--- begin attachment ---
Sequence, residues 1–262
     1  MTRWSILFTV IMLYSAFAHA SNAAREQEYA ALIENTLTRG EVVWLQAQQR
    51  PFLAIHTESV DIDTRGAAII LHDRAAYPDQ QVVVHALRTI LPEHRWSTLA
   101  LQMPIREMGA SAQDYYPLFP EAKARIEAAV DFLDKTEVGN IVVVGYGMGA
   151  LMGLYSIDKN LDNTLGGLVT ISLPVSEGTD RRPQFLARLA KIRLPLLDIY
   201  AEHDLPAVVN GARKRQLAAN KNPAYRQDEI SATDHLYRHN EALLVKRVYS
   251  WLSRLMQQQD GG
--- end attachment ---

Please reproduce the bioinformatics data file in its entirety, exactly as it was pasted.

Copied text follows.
Sequence, residues 1–262
     1  MTRWSILFTV IMLYSAFAHA SNAAREQEYA ALIENTLTRG EVVWLQAQQR
    51  PFLAIHTESV DIDTRGAAII LHDRAAYPDQ QVVVHALRTI LPEHRWSTLA
   101  LQMPIREMGA SAQDYYPLFP EAKARIEAAV DFLDKTEVGN IVVVGYGMGA
   151  LMGLYSIDKN LDNTLGGLVT ISLPVSEGTD RRPQFLARLA KIRLPLLDIY
   201  AEHDLPAVVN GARKRQLAAN KNPAYRQDEI SATDHLYRHN EALLVKRVYS
   251  WLSRLMQQQD GG